In 1945, about two years after he had left the internment camp, Oyama joined the U.S. Army, where his superiors assumed he spoke Japanese and wanted to send him to the South Pacific as an interpreter. When he explained that he did not speak Japanese, they thought he was trying to buck the assignment. They sent him to the Military Intelligence Service-Language School. After four months, he earned a diploma. By then his superiors were convinced that he did not speak Japanese and instead was fluent in Spanish. As a result, he was assigned to the Counter-Intelligence Service.
Oyama left Pueblo High School in 1970, served as Pima Community College’s director of bilingual and international studies, and later became associate dean of that program in 1978. In 1989, he was appointed a vice-president at the college. He retired in 1991 and was named vice-president emeritus.
A Profile of Hank Oyama, The Son Of A Mexican-born, Spanish-speaking Japanese Woman and One Of The Leaders Of Bi-lingual Education In America.
Henry “Hank” Oyama, who can trace his lineage through his father back to Kumamotoken, Japan, is a man of many parts.
Hank and his mother left the barracks-style housing 16 months later for employment at a hotel in the state of Missouri. Strangely, this was permissible as long as detainees didn’t go to areas from which Japanese Americans had been evacuated. Hank's sister had married in the camp and so stayed behind with her husband.
Oyama then held a series of jobs until at age 18 he was inducted into the army. In typical bureaucratic fashion, the army sent him to a language school in Minnesota to become a Japanese language interpreter. Military officers refused to believe he could not speak Japanese. Ultimately, however, they recognized their error, as well as his ability to speak Spanish, and made use of his linguistic abilities in intelligence. Later, he was awarded a reserve commission and retired at age 60 from the Air Force as a lieutenant colonel.
After the war Oyama earned bachelor's and master's degrees from the University of Arizona in Tucson and subsequently began teaching there.
The second high school established in Tucson, Pueblo High School, was designed to address the needs of Mexican-American students in the southwest part of what was then a small city. Administrators chose as teachers those who had a strong interest and dedication to that goal. Oyama was one of those selected.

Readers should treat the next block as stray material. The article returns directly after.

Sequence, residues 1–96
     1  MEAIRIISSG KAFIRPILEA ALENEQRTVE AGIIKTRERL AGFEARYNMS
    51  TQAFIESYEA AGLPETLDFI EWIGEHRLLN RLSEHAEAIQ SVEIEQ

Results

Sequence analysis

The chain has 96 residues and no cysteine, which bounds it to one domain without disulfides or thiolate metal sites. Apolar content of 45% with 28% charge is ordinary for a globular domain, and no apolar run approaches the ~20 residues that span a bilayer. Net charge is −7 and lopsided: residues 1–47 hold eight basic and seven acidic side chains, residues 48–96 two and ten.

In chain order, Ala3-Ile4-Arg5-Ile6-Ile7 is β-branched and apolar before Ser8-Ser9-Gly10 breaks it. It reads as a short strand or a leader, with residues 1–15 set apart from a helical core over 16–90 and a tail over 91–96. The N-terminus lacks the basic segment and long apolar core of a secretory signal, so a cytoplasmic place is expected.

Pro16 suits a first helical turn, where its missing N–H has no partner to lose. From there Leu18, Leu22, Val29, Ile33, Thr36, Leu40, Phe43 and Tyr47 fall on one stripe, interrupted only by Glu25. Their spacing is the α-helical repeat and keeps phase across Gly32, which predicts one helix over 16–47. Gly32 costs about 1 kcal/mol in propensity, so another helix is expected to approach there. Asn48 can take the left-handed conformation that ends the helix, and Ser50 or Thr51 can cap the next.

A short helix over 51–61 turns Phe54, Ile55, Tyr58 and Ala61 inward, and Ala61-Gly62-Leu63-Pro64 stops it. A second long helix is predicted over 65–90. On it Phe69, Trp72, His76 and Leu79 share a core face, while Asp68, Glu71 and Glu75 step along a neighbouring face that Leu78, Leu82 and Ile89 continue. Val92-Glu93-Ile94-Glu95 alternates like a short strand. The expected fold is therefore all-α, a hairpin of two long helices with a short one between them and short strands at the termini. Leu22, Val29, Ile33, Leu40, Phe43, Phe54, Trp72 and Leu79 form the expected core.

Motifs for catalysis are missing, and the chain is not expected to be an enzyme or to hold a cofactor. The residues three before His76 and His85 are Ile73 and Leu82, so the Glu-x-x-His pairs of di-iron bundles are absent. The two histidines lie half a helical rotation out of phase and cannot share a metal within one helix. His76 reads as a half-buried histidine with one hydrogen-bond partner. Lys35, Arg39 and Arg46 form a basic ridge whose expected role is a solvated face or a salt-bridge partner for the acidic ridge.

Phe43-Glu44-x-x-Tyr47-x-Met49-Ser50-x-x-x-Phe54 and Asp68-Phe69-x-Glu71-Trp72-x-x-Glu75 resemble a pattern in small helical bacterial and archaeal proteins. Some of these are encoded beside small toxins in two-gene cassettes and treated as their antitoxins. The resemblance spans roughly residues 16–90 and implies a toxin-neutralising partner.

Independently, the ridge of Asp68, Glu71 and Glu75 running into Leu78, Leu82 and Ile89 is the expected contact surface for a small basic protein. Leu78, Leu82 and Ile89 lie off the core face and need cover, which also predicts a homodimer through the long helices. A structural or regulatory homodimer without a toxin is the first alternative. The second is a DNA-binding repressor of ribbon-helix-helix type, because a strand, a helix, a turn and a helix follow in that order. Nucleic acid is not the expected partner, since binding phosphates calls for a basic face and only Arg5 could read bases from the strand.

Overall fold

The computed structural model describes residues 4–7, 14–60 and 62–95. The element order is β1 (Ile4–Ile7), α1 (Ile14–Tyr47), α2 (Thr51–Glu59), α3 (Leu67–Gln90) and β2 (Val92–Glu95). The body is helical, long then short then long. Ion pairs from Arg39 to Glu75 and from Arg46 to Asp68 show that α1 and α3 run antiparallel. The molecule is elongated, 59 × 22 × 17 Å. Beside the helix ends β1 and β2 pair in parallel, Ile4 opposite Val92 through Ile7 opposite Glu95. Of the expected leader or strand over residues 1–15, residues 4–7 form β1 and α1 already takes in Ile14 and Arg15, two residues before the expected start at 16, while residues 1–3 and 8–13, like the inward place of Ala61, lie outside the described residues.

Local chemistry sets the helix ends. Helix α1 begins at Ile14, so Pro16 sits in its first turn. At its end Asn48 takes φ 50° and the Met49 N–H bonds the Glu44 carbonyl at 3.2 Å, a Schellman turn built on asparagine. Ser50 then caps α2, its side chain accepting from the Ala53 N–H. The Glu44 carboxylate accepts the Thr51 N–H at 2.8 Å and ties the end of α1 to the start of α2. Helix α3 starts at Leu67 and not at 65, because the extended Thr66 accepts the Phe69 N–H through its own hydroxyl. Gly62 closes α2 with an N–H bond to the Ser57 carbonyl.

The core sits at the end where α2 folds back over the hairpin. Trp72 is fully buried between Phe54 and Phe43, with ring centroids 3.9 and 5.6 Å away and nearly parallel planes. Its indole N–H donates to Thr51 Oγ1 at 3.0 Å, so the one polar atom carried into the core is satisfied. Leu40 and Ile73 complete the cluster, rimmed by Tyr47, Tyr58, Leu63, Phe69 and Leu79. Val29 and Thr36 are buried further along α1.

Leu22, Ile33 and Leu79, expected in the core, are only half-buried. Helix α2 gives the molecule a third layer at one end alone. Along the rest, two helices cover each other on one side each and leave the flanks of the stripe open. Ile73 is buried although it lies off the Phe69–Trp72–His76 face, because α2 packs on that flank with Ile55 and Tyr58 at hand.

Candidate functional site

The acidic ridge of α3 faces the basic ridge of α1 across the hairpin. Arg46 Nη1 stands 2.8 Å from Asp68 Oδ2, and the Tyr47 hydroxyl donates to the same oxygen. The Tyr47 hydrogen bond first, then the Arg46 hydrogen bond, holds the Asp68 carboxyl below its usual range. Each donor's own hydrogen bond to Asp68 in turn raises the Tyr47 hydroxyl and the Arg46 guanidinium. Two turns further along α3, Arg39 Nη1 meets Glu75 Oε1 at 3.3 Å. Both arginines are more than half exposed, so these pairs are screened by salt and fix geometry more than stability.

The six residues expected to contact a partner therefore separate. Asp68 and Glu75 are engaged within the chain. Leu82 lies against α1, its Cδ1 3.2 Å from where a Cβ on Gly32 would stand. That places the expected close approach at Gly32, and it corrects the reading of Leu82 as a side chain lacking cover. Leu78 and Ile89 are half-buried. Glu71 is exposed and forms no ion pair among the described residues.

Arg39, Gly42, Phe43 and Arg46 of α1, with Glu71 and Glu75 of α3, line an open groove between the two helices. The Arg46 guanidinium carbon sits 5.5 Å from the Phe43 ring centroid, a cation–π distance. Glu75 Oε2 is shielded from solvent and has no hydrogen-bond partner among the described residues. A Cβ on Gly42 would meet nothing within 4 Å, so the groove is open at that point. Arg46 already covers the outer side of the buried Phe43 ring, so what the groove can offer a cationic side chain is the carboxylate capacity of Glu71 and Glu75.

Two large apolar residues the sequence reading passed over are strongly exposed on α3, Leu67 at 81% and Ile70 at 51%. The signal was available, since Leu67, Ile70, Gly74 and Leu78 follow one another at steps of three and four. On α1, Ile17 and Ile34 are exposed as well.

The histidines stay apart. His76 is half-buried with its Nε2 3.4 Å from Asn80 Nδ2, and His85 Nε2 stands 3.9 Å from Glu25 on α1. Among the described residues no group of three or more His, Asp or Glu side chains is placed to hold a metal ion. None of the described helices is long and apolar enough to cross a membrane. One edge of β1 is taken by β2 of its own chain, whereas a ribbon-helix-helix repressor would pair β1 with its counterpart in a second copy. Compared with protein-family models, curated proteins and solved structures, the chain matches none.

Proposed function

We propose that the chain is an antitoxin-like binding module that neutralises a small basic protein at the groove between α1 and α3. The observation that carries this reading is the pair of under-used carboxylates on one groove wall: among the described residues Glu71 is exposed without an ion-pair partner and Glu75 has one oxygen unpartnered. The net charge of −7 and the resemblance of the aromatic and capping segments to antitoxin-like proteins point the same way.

At Pueblo, Oyama and two other teachers, Adalberto Guerrero and Maria Urquides, started a program that provided Spanish for native speakers so they could improve their linguistic ability to be used in more adult, professional work. Now, these kinds of classes are commonplace throughout America. But they were of ground breaking quality three decades ago.
Oyama and the other two educators conducted a survey of education for Mexican-Americans in the Southwest and wrote a report called "The Invisible Minority." The plight of education for Mexican Americans at that time truly was invisible. People in other parts of the country didn’t even know Mexican Americans existed, much less understand the educational needs of this large population.
So Oyama, Guerrero and Urquides held a national symposium on the topic. It drew wide attention and the attendance of national education officials, congressmen and senators. The gathering was so impressed that one participant, Senator Yarborough of Texas, went back to Washington and introduced legislation that became the Bilingual Act.
Out went "Fun With Dick and Jane." In came books and materials bought from Mexico, Spain and Cuba. Oyama eventually left secondary schools for the local community college.
Of racially mixed marriages in general, he says that it is the spouse of Anglo background "who makes more of a contribution toward erasing injustices than does the minority member. People feel more negative toward the Anglo or Caucasian rather than toward the minority member".
Oyama has led a full, rewarding life, and he is well traveled. One place he hasn’t been?
You guessed it. Japan.